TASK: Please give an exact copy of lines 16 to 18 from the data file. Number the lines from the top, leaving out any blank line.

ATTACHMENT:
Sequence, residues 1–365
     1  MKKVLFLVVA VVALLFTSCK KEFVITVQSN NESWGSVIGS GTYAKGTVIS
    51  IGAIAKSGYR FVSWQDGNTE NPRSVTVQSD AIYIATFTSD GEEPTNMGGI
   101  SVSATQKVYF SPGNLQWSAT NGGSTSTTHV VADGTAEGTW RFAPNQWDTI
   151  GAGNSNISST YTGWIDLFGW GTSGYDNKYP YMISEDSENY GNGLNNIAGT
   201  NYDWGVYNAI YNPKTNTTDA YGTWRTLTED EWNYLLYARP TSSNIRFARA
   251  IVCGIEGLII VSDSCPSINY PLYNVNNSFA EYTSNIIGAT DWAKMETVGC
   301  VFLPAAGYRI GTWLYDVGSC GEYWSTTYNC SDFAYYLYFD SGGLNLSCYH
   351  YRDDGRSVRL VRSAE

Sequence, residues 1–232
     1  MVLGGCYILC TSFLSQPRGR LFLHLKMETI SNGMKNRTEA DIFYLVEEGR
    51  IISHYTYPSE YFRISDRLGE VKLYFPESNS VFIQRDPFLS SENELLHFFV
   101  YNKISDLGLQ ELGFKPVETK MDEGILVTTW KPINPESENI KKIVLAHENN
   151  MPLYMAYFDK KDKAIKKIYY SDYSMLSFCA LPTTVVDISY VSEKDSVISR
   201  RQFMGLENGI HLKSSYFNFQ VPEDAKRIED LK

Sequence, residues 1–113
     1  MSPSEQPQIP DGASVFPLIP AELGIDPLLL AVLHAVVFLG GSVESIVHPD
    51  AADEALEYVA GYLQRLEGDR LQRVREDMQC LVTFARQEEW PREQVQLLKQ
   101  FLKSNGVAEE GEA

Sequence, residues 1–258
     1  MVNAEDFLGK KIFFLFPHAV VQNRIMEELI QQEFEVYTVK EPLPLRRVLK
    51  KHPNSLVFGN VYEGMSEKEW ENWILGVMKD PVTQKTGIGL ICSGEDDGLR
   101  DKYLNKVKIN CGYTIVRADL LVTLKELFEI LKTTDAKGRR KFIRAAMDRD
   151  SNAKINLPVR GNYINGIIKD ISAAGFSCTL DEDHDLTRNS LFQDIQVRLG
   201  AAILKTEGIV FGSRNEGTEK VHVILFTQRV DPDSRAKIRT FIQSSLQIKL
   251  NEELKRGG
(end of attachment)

Sequence, residues 1–113
     1  MSPSEQPQIP DGASVFPLIP AELGIDPLLL AVLHAVVFLG GSVESIVHPD
    51  AADEALEYVA GYLQRLEGDR LQRVREDMQC LVTFARQEEW PREQVQLLKQ